“Ninety percent of the budget goes to paying salaries and benefits, and the rest of it is part of a small, discretionary budget for specific school sites and departments,” says Ms. Russo. “You often have 100 things you’d like to fund, but you can only afford to fund 50.”
Gloria Jouan is a parent who has been involved with the district for over 20 years. She is a member of the SUHSD budget development committee, and estimates that the group of between 15 and 20 people spent two or three months mapping out a list of recommended spending priorities for the district.
“We made a list of Tier 1, Tier 2 and Tier 3 priorities. There is never a question that our core curriculum is always our first priority,” says Ms. Jouan, who also states that textbooks and additions to the new San Ysidro high school were also Tier 1 priorities. “It is heart wrenching to make some of these decisions.”
Ms. Jouan confirms that the committee does not make decisions on the funding of extracurricular programs, such as Blurb magazine, since it is under the Adult Education program and otherwise funded by corporate monies.
Proposition BB is a $187 million bond measure that was passed in November 2000 to fund critical repairs at 20 dilapidated district schools. According to the SUHSD Facilities Improvement Plan, which was circulated to voters in July 2000, the 30 to 60-year-old facilities had “outdated electrical and plumbing systems, broken sewage and drainage pipes, inadequate ventilation” and heating and classroom spaces “poorly configured for increasing enrollment and modern curricula.”
Paul Gage, who requested that his name be changed for fear of retribution, has taught at Mar Vista High for almost a decade. Within the past few years, the student population has skyrocketed from 1,200 to more than 2,300 students, and the shortage of classrooms has reached a critical level.
“When Prop BB came around, I thought it would be our savior. Mar Vista is seriously overcrowded, and they said they were going to build new classrooms and new bathrooms. I was really shocked when they built this monstrosity of a gym,” says Mr. Gage, who volunteered his time at a phone bank to help get the bond passed. “It’s a serious misuse of funds, and I just boil over every time I see it.”
When asked to describe the atmosphere at Mar Vista, Mr. Gage paints a picture of the “traveling teacher.” “Basically, because of the overcrowding, these teachers don’t have rooms. They have to use other teacher’s classrooms, and they carry around their things in baskets like homeless people. They have a different room every hour,” says Mr. Gage, who teaches out of a portable classroom with a rain leak that has yet to be fixed, and an air conditioner with sealed off controls so that it “runs 24-7”. “If a teacher can’t teach effectively because they don’t have a room, students can’t learn.”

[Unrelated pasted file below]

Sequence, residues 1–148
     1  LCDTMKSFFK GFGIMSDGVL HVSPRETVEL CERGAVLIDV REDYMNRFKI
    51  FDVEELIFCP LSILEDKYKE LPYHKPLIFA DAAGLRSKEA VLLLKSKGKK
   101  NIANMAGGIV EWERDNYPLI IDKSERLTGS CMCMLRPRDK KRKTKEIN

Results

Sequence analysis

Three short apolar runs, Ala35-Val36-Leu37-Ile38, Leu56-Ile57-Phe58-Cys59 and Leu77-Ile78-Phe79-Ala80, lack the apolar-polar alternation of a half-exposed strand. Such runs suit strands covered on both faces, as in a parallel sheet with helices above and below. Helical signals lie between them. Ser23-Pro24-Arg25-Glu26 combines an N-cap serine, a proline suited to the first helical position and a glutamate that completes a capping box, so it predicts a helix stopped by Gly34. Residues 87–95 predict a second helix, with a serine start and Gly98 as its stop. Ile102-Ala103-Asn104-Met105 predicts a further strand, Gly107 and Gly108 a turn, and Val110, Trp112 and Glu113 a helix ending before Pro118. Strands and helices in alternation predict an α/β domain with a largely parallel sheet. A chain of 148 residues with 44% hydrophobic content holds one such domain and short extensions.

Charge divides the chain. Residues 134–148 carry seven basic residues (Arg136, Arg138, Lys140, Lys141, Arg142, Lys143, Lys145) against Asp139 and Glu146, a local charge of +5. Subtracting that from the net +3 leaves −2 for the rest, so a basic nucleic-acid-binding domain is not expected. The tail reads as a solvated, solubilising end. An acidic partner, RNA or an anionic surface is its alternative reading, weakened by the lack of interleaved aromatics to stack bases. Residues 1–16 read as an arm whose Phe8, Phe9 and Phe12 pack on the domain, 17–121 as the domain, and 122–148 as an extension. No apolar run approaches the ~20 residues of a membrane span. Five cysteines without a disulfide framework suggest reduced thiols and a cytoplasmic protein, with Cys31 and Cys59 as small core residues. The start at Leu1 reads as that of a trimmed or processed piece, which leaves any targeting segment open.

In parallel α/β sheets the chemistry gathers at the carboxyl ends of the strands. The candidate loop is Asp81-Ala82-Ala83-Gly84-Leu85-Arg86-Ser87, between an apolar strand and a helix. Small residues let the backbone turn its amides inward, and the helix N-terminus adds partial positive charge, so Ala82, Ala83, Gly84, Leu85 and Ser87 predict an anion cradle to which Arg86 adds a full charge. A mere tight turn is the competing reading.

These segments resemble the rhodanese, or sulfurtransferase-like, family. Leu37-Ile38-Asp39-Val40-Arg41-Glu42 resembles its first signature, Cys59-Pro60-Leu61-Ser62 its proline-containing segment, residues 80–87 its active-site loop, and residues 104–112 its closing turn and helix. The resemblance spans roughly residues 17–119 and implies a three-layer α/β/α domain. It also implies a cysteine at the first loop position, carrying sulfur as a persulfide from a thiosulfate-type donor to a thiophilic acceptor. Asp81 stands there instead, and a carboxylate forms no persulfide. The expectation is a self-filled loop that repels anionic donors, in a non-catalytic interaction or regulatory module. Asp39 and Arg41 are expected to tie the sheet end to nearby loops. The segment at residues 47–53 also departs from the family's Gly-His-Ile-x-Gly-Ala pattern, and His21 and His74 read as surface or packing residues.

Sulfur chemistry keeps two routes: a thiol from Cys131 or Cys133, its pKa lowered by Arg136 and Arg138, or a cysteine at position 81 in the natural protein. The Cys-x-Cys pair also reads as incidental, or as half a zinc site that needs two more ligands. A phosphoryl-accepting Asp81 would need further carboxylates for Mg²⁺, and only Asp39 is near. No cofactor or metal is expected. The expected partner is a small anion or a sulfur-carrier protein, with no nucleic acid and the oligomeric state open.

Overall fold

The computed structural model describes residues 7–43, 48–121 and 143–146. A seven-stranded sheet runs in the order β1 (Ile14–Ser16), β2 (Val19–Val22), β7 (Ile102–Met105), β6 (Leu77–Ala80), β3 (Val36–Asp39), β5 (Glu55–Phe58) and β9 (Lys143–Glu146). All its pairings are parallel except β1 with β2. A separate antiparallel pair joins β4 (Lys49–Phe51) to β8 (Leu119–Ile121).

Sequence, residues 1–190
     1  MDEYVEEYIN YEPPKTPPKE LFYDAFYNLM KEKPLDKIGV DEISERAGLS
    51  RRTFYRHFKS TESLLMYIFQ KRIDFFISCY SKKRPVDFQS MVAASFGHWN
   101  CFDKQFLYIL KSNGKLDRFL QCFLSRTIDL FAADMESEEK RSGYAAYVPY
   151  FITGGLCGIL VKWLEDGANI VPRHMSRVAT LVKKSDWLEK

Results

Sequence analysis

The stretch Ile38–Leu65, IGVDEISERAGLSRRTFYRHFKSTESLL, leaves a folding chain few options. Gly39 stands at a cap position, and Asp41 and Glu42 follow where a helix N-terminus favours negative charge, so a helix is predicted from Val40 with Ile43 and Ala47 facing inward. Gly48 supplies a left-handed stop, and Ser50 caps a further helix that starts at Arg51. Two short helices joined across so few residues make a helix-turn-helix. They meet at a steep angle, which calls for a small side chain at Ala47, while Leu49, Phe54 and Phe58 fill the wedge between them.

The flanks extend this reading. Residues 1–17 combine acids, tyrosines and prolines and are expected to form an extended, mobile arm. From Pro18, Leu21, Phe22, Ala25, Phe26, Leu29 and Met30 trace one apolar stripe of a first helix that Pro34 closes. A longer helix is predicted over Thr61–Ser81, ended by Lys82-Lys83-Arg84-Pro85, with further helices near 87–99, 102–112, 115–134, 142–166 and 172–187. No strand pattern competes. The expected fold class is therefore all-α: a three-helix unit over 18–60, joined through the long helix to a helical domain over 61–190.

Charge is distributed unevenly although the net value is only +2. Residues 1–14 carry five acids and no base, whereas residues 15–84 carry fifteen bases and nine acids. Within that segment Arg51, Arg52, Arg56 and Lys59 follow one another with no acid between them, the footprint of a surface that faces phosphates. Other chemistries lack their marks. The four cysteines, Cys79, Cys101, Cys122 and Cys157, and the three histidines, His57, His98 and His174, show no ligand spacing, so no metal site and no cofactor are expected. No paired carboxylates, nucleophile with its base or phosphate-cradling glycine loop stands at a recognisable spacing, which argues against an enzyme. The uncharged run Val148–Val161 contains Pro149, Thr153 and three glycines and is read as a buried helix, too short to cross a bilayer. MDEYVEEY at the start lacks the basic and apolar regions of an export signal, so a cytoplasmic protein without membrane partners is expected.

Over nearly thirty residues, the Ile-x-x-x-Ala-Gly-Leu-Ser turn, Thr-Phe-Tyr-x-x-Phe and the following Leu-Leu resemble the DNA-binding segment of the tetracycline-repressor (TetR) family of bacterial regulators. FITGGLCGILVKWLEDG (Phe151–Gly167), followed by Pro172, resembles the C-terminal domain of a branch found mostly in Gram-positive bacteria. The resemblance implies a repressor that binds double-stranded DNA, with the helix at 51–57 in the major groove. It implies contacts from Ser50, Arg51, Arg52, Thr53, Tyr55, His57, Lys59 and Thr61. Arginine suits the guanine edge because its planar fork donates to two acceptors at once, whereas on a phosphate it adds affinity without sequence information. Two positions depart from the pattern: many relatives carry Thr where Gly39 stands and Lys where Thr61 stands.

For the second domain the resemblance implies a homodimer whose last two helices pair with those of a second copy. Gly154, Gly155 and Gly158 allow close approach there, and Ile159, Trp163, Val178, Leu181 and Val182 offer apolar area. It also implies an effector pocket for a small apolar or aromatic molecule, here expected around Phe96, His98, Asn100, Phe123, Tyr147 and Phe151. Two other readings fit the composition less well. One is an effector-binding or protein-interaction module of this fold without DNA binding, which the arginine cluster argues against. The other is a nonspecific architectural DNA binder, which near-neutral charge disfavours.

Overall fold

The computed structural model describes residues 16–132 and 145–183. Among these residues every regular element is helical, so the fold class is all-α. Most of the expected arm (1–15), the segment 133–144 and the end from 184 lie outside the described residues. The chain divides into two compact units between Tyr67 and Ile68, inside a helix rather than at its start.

Mar Vista was built in 1951 and has the capacity to serve 1,215 students. Under the list of “specific repair, renovation and overcrowding needs” to be addressed at a proposed cost of $12,676,198 are such things as: modernizing classrooms, adding science classroom space and a computer lab, adding student and faculty restrooms and renovating existing classrooms. Modernizing “physical education facilities including boys’ and girls’ locker/restroom” is listed second to last.
Dr. Louise Phipps, the principal at Mar Vista High, confirms the district’s claim that the decision as to what repairs “come first” under Prop BB was not made by the district.
“There was a broad-based committee that was put together at all schools. Ours made the decision to build an athletic complex,” says Dr. Phipps, who states that the complex consists of weight, dance and wrestling rooms, as well as two classrooms and a large gym capable of fitting the school’s swelling population. “A few years ago we didn’t have a place where our students could get together, but this complex will allow us to enter into a more meaningful relationship with the community and the city.”
She confirms the validity of Mr. Gage’s assessment. “We need bathrooms and classrooms. I used to ask the students if they knew what ‘Prop BB’ stood for, and they would say ‘Prop Better Bathrooms,’” says Dr. Phipps, whose students and faculty often have to stand in line to use broken-down bathroom facilities. “But we are already involved in planning the second phase of Prop BB, which will result in science labs, refurbished classrooms and new bathrooms.”
Rafael Muñoz, Assistant Director of Planning for the SUHSD, did not return La Prensa San Diego’s calls about the cost of Mar Vista’s athletic complex or the start date for phase II of Prop BB.
Whether the hands of the district’s board members and administrators are tied when it comes to utilizing money earmarked for extras for basics such as supplies or textbooks, or whether local school-based committees choose to build a super-gymnasium before installing bathrooms and classrooms, the question from concerned employees, parents and community members remains: In a time of financial uncertainty and academic accountability, who is going to stand up to visibly make academic gains and critical building repairs a priority?